Lizet and her 5-year-old son understand firsthand how finding affordable housing can negatively impact lives. Together, the pair has moved apartments six times in three years, with her son having changed school districts twice. When Lizet moved to America in 2001 from Mexico, she anticipated some adversity, but finding a safe and stable place to live wasn’t something she expected. Eventually arriving in Portland via North Carolina, Lizet and her son stayed with relatives when they couldn’t afford a place of their own. “I used to live with my sister, sharing an apartment. She has many kids, which made it very hard in that crowded apartment. We just couldn’t live like that any longer.”
Lizet heard about Habitat through her work as a Program Assistant for family support services at Mt. Hood Community College where she connects local families to community resources and services. When she found out her and her son were selected to partner with Habitat, they were overjoyed. Lizet knows that owning her own home will immediately change their lives. “We will not have to move again! My son will be able to feel secured and safe.”
Lizet is already at work completing her 500 hours of sweat equity. “The first time I was on site I was really nervous because I didn’t know what to expect. But it was easy! People there are really friendly, explaining all the time how to do things or what to do.” Lizet and her son will move into their new home in the Helensview community at NE 64th Ave & Killingsworth Street in the Cully neighborhood when construction is completed in 2016.
“Owning a home, for me, means a lot because it would give security and stability to my son. It would give me a sense of pride that I actually accomplished something,” Lizet said. “My son is so excited. Really, really excited,” she says as she holds up a drawing Alan made of his dream home. “He keeps drawing things and sharing with me how he wants his house to be. He’s already got the plan here.”
When Hero and Bleh arrived in America about four years ago, they thought their troubles would be over. After escaping violence and refugee camps in Thailand, the familysettled in Portland. And while nowhere near as difficult as their lives were in Burma and Thailand, finding an affordable home that could accommodate a multi-generational household has kept them from feeling truly secure.
“When we were in Burma, our challenges were about our safetyand living situation,” said Hero. “My village was burned by Burmese soldiers. Many times we had to run for our lives, living in the jungle, under the trees or in a temporary hut with no food to eat.”
While thankfully much safer in Portland, the family still faces adversity with their housing situation. They share a two bedroom apartment in East Portland with Hero’s mother Lae. “My mother-in-law is disabled and it’s difficult for her to go up stairs,” said Bleh. Along with Hero’s mother, the couple has their two-year-old son Yeeh, as well as a newborn baby. Hero’s assembly job simplycan’t afford the family the space they need; the five of them share a small apartment with inadequate ventilation, faulty appliances and fixtures, and disruptive neighbors.
Hero and Bleh will purchase and help build their own home at Glisan Gardens.Their new home will be completed in 2016, and will be accessible to accommodate Lae’s disability, with plenty of room for Yeeh and the newborn to thrive as they grow.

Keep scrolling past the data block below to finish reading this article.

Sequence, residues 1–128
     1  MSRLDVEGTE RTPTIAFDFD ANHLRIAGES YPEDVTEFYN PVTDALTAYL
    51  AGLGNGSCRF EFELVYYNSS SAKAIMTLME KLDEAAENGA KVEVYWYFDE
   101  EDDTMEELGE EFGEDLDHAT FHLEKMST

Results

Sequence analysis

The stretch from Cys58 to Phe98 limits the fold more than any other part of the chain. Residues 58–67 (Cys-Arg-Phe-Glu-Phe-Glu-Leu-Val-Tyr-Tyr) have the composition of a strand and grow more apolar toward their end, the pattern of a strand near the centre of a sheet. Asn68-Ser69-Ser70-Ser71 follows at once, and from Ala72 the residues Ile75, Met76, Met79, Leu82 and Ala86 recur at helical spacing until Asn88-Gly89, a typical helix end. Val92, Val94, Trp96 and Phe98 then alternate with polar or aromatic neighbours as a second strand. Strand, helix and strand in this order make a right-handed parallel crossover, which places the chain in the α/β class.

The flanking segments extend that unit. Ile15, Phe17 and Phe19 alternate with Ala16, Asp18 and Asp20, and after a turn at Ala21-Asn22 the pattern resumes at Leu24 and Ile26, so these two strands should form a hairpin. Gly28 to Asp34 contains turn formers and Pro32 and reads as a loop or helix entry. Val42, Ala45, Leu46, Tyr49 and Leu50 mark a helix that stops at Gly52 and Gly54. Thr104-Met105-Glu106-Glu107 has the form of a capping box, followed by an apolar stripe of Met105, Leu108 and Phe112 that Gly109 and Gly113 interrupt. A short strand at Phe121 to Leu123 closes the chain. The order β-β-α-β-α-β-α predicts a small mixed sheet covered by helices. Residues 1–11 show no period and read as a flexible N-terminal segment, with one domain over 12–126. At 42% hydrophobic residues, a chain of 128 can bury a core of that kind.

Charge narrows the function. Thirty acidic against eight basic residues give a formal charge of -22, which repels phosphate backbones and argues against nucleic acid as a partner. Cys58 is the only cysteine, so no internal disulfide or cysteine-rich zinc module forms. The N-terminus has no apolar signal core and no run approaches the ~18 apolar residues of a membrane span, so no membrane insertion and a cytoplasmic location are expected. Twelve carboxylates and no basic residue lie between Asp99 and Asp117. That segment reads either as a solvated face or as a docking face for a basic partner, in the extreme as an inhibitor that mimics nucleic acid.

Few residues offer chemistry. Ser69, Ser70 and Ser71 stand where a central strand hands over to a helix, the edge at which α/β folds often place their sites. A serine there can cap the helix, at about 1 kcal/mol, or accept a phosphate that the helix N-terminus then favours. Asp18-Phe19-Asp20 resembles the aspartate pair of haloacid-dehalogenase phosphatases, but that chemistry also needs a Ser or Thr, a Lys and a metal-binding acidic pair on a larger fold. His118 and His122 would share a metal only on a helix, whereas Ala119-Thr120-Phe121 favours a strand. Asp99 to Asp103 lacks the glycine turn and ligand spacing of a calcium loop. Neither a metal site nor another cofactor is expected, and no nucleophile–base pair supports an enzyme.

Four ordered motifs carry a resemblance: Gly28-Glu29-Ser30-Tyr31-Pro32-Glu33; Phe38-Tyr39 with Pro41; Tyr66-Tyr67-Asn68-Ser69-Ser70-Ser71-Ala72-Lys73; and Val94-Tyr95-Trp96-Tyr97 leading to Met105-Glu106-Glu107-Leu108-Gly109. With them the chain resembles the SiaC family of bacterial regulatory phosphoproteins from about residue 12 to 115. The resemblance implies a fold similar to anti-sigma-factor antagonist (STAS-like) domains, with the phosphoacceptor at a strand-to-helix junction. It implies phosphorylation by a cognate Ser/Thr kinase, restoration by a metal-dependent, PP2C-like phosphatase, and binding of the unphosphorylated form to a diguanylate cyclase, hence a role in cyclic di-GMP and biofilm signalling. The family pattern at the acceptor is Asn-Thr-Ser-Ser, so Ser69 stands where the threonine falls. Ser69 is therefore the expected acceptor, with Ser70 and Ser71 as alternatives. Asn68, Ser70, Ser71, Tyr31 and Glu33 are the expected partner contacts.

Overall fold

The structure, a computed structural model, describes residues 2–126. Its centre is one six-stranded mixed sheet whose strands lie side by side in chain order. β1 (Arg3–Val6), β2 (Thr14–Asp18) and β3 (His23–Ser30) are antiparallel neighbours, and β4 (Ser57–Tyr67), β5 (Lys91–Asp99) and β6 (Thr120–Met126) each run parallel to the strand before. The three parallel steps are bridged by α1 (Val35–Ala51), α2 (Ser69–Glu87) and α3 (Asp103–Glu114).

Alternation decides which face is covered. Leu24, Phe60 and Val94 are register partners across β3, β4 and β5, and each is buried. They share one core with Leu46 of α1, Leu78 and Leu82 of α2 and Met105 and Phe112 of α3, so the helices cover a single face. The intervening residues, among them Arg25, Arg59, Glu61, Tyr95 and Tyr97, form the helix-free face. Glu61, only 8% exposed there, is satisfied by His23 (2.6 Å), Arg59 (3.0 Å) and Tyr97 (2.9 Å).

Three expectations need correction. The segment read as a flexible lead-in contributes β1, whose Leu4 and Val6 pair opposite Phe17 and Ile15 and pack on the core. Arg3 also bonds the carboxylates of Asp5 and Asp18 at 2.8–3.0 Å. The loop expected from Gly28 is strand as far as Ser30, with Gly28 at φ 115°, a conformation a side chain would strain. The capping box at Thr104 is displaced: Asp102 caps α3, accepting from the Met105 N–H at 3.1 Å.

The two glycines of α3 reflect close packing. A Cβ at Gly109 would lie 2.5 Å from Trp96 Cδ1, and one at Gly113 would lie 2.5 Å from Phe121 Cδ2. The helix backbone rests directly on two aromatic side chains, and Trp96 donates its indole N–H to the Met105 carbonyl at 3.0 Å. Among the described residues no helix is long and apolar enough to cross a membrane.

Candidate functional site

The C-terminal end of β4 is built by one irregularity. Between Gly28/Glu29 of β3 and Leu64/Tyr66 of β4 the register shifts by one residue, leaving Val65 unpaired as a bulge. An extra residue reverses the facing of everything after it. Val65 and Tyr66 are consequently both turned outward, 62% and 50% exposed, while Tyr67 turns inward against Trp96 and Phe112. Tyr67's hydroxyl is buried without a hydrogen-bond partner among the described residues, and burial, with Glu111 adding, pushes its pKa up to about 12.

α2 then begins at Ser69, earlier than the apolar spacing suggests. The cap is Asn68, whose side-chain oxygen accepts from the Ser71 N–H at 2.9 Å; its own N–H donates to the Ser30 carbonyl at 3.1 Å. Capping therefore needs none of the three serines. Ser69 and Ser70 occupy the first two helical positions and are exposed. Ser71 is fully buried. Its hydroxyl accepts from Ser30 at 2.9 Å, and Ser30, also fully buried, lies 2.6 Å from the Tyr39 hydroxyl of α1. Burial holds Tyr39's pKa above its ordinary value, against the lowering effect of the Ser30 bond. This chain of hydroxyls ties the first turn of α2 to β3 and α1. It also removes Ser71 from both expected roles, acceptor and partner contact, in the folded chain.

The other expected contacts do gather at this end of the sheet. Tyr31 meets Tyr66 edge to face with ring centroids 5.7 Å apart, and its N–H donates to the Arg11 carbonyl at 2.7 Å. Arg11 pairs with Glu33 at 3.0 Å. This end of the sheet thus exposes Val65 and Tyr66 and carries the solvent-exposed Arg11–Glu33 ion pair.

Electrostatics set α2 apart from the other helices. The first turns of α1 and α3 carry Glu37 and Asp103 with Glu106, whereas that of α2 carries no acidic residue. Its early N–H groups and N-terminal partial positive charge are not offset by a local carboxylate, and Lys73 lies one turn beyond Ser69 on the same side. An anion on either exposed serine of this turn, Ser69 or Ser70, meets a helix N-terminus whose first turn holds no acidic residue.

“When I think of our future home, I picture my family happy, full of smiles. I’ll get to decorate my house, plant flowers, have a playroom for my children, and much more!” says Bleh. “The new home will provide more opportunities for my children to learn. We feel so blessed this home will belong to us.”
Yondella is happy to call the Cully neighborhood in northeast Portland home. She loves that her community has lots of kids growing up in it, and that her neighbors are caring and look out for one another. But when the house Yondella purchased four years ago started having major structural issues, she was worried it would threaten her ability to stay in the neighborhood she loves.
“At first I could see bubbling in the living room ceiling and wall,” said Yondella. “And then water started leaking through. I came home every day worried that my roof might collapse.”
Yondella heard about Habitat for Humanity Portland/Metro East through her work as a Family Advocate at LifeWorks Northwest. When she shared her housing woes with a client they suggested she check out Habitat’s Home Repair and Preservation Program. She soon learned that the leak in her living room was much more complicated than she initially thought.
“I live in an older home, but I had no idea what this leak really entailed until Habitat came out,” said Yondella. “It wasn’t just the roof; it was the gutters and structural problems with the back porch. It was all these things I had no idea about. Habitat educated me not only on the repairs, but on the health issues too. I didn’t know how leaking and standing water could affect my health.”
Through Habitat’s 0%-interest loan, Yondella was able to afford these hefty repairs, which included a new roof, gutter system, and grading of her yard to mitigate the flooding of her porch and foundation when it rained. Habitat also linked Yondella up with Verde, an organization focused on building environmental wealth in communities. Verde installed a rain garden in her backyard, which will direct runoff from her roof and yard to sustain a beautiful and functional native plant garden.
“I used to get nervous when the rain came because I knew it would mean leaking and flooding. Now, I get excited because I get to watch my rain garden grow.”
Yondella is looking forward to many more years living in her home and in the Cully neighborhood.
“I love feeling connected to my community. Habitat not only helped me repair my home, but it made me feel like a bigger part of the community.”